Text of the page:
Caremark and caring about carelessness

Samuel Johnson once said: “It is more from carelessness about truth than from intentionally lying that there is so much falsehood in the world.” And carelessness is obviously at the root of many other types of wrongdoing too.  But what does this have to do with the liability of boards of directors in connection with ESG failures?

In a recent posting in the Harvard Law School Forum on Corporate Governance the Wachtell Lipton law firm argues: “the Caremark doctrine—which requires directors to monitor enterprise-level risk and is newly invigorated by recent Delaware court rulings—is the likely tool of choice for plaintiffs complaining about board inaction in the face of climate-related exposure.”

How should companies and boards mitigate the risk of Caremark liability? Per the Wachtell memo: “Firms throughout the economy—anyone who manufactures, sells, or finances products that are implicated in environmental harm—should be preparing today for governance, regulatory, and litigation challenges. Thus, among other steps: Companies should focus on robust disclosure of climate-related economic and business risks. Management and boards should consider new playbooks and strategiesfor engaging with institutional shareholders, asset owners, and even activist investors focused on climate and other ESG-related issues. Boards should ensure regular consideration of climate-related risk, oversight structures, and robust documentation of risk-management and monitoring efforts. Companies that take these steps, and then tailor bespoke responses to any remaining climate-related risks, will earn goodwill with regulators and investors and be better prepared to weather the climate-litigation and climate-activism storm.”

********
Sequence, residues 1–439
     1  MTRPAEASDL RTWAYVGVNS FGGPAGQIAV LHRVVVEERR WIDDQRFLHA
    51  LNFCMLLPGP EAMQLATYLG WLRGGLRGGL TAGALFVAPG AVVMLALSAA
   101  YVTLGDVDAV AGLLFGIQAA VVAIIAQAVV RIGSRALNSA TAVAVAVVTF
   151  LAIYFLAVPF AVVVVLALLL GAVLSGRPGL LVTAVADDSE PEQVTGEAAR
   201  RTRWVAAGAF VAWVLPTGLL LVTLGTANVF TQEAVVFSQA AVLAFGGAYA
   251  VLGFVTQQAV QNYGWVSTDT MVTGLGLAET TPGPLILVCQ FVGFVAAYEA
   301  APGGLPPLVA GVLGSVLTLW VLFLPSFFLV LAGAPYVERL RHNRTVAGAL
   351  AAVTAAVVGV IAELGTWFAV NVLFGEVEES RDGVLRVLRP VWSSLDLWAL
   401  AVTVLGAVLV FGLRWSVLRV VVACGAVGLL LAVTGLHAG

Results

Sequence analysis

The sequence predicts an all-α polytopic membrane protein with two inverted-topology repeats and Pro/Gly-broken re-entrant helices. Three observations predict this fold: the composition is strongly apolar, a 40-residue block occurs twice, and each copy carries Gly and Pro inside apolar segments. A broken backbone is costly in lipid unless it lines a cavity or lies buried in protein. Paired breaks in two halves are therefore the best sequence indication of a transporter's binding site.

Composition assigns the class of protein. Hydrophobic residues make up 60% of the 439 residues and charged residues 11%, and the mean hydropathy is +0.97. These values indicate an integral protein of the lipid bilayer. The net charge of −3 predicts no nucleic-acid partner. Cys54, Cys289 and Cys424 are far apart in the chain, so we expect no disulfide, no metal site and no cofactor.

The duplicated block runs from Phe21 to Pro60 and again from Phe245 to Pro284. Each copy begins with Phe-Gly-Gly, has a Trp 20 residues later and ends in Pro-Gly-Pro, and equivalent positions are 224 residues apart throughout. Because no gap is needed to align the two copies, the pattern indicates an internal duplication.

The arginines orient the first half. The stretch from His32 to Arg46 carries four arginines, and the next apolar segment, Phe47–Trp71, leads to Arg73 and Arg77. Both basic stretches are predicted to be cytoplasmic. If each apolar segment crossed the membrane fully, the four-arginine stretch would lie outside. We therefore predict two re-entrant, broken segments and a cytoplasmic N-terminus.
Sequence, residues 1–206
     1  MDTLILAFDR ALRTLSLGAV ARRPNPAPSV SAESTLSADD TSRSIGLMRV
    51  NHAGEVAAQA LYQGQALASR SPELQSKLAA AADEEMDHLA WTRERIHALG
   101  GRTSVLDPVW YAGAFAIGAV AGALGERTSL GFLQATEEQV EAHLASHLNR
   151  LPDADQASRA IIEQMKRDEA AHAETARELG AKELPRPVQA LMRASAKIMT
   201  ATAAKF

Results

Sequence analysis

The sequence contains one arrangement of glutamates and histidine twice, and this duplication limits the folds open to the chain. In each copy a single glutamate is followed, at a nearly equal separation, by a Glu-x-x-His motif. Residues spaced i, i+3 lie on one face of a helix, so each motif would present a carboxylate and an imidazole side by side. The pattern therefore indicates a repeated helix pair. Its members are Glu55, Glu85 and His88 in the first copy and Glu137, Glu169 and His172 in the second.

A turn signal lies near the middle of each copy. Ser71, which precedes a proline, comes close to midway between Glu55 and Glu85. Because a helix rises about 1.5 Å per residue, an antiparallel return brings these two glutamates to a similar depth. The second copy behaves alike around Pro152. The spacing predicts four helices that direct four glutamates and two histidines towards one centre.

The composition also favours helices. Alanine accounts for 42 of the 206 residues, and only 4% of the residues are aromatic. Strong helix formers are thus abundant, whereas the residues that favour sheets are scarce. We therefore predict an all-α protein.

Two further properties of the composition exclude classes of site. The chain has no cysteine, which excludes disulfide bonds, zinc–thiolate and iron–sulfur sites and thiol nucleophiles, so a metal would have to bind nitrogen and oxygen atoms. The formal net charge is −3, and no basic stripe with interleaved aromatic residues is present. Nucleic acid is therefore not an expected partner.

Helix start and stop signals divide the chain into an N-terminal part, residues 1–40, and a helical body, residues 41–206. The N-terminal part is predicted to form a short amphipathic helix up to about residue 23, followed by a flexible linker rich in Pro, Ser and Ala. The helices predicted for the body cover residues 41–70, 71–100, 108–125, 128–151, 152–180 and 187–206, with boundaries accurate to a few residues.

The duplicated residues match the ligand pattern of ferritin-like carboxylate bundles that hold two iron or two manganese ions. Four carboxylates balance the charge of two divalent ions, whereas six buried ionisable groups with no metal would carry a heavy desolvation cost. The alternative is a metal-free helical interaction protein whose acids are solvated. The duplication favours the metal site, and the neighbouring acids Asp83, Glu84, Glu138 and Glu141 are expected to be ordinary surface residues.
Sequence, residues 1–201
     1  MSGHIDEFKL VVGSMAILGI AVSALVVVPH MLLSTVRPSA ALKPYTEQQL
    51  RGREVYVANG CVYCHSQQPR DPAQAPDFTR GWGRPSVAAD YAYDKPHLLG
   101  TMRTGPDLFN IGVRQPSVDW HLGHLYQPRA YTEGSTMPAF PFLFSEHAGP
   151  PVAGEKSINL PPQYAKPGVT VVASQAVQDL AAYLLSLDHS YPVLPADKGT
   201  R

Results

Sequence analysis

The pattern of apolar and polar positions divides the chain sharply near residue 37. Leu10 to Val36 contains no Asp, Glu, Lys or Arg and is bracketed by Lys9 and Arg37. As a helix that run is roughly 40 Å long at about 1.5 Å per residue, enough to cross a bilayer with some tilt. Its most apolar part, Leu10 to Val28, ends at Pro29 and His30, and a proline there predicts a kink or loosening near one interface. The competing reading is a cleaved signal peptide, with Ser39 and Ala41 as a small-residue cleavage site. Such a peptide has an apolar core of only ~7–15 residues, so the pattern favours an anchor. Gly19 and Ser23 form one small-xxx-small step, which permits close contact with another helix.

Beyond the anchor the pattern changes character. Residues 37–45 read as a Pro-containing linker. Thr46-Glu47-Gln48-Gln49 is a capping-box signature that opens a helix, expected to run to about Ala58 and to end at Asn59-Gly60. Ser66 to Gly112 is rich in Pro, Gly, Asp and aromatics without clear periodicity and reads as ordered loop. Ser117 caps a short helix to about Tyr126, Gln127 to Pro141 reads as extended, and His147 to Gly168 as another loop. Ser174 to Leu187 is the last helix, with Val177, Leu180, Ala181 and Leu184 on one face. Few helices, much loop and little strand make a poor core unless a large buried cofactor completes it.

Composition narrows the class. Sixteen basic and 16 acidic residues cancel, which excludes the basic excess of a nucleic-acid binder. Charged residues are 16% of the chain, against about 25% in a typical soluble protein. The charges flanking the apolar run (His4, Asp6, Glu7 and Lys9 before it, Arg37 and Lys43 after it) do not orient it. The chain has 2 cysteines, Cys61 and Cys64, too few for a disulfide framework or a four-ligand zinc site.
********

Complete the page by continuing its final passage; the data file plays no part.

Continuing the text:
This is sound advice from the perspective of companies, officers and directors. But is the underlying legal regime – particularly the Caremark doctrine – up to the gravely important task of protecting society as a whole from the ravages of climate change?

In A Simple Model of Corporate Fiduciary Duties: With an Application to Corporate Compliance WC Bunting of Temple’s business school  notes that compliance failures  by boards are currently  cognizable under Delaware law based on  the duty of loyalty, not the duty of care — – even though the latter would make more sense.  He writes: “the optimal judicial approach would define the duty to monitor as a subset of due care–and not loyalty.”

The reason he suggests this is that “that compliance is fundamentally about inducing effort” by managers more than it is about honesty. Lack of effort seems more a matter of failure of care than it is failure to be loyal.

Does this matter? To draw again from the Samuel Johnson treasure trove of memorable sayings, the change of law proposed by Bunting, could help focus the minds of directors on a subject that is truly life or death.

 

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